By Charlotte Webster-
Herefordshire councillors have unanimously approved a comprehensive improvement strategy after a High Court judgment exposed “egregious and long-standing failures” in social work practice and leadership.
The inept council which was put to shame by a High Court judge riling after ignoring a psychiatrist and a High Court judge, are now pursuing extreme measures to address their woeful system.
The recommendations were put forward at an urgent meeting on Tuesday where councillors described frustration at being obstructed from scrutinising children’s services and progress on previous improvement plans by “smoke and mirrors” and “slick assurances” from senior managers.
The council was criticised in three court judgments in 2018, before the High Court ruling in March on a special guardianship application, which found the service had “ignored” the recommendations of a senior judge and psychiatrist.
It received a ‘requires improvement’ rating from Ofsted that same year, with leadership found ‘inadequate’. A focused visit in December 2019 saw “little progress” in improving practice for children in need and on child protection plans, and said the frequency and quality of supervision needed to improve.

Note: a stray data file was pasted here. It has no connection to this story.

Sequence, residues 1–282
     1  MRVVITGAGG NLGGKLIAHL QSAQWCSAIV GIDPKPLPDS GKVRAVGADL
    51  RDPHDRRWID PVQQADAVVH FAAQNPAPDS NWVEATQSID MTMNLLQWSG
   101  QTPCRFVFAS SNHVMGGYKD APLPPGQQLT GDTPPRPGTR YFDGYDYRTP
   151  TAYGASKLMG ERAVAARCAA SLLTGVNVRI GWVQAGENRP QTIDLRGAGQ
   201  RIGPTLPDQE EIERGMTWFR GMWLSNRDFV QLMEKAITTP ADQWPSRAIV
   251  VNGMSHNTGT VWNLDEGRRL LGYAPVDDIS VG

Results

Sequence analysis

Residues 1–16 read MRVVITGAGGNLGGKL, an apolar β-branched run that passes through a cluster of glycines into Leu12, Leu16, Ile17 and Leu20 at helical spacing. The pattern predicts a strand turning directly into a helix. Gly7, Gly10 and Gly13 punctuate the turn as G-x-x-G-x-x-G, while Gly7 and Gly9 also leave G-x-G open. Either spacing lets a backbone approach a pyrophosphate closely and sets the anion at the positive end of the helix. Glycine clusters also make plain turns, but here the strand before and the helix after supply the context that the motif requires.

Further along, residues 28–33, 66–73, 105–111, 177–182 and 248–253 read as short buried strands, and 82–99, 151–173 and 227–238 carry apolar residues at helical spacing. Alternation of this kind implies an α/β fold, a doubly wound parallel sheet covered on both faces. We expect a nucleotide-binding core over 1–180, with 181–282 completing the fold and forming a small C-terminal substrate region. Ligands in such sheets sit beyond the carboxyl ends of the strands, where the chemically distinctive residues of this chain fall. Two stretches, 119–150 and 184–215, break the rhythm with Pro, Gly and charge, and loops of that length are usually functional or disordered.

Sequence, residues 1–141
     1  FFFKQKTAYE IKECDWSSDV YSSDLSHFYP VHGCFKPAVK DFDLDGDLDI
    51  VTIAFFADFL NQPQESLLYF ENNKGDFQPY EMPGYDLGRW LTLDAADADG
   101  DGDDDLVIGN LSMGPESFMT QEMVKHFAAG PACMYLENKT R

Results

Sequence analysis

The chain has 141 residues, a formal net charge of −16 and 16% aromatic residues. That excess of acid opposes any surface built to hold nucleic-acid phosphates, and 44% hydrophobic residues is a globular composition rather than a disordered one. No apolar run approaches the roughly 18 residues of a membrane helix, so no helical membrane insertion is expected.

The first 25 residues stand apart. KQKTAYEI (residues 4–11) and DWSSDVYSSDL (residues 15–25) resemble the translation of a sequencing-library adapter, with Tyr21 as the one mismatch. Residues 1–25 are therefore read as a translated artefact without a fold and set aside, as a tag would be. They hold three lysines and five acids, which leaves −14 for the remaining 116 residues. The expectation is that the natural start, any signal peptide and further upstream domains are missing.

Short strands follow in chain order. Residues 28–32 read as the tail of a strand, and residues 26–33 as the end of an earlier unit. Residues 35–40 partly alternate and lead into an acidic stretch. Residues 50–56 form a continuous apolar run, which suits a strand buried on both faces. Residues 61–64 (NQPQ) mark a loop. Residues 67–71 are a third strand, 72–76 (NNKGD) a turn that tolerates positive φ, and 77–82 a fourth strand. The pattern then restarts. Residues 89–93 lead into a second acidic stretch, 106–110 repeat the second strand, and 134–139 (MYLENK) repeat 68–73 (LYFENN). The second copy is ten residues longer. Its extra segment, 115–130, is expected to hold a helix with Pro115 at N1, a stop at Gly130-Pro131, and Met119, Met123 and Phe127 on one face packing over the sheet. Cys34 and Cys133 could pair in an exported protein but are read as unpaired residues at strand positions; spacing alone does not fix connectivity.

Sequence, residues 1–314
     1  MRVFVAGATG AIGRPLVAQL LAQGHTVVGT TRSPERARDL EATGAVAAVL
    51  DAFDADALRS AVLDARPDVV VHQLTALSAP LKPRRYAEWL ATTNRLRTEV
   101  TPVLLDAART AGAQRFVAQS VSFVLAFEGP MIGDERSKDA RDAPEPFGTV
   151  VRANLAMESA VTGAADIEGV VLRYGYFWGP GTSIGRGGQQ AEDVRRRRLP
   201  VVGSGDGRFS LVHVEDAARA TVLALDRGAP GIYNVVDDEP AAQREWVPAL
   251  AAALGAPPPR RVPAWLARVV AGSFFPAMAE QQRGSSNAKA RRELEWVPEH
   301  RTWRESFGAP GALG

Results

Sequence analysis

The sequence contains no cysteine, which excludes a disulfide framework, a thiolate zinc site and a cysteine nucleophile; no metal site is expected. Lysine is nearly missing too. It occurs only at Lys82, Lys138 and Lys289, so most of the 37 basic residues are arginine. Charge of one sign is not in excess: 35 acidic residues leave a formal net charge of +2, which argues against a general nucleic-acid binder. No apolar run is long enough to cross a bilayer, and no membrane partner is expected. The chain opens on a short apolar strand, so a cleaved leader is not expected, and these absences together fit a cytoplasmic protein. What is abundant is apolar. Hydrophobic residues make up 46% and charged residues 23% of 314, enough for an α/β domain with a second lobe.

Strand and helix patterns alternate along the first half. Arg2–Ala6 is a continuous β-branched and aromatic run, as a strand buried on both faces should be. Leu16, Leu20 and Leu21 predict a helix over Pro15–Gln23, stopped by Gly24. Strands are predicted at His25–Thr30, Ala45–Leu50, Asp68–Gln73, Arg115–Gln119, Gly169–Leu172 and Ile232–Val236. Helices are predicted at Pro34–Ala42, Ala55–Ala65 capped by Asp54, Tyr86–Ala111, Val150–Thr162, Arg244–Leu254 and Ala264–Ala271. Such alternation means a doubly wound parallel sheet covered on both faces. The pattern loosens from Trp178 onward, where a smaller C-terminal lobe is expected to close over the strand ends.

Culture Needs Change
Leader of the council David Hitchiner said Herefordshire had reached “a watershed moment”.
He said at the meeting: “The culture from the past has to change. It is clear that all the monitoring and scrutiny put in place last time failed to put us on the right path. That was too much about process and policy.
“We will be looking for cultural change, more openness and honesty where questioning and challenge are welcomed, where promises are delivered and mistakes acknowledged.”
Councillors heard that the Department for Education had appointed an independent adviser, Gladys Rhodes White, to work with Herefordshire for at least a year. Jones, formerly interim director at Rochdale and now of Bradford’s children’s services, and also improvement adviser to Medway, is to chair an improvement board and report to the DfE every six weeks.
The board will include the Department Of Education’s ‘partners in practice’ from high-performing councils. New interim director of children’s services Cath Knowles and the council’s acting deputy chief executive, Claire Ward, told councillors they expected the board to also include the cabinet member for children and scrutiny members.
Knowles, formerly interim director at Dudley council, has “experience of turning round failing social services and has the confidence of the various government bodies that are already involved in our improvement process,” Hitchiner said.
Ward described the improvements as a long-term piece of work: “I can see between three to five years, and that’s the commitment from senior management.”
The independent adviser and board represent a lower level of government involvement than the appointment of a DfE commissioner, but the department has said it “will not hesitate to take stronger intervention action if rapid improvements are not made”.
The approved recommendations include spending an additional £5.2m on children’s services over the next two years. A third of this is expected to go on interim staffing. The spending plans also include training, support for families and commissioning a “full scale” external review of the service. A review of leadership and management has already been commissioned and is due to report in May.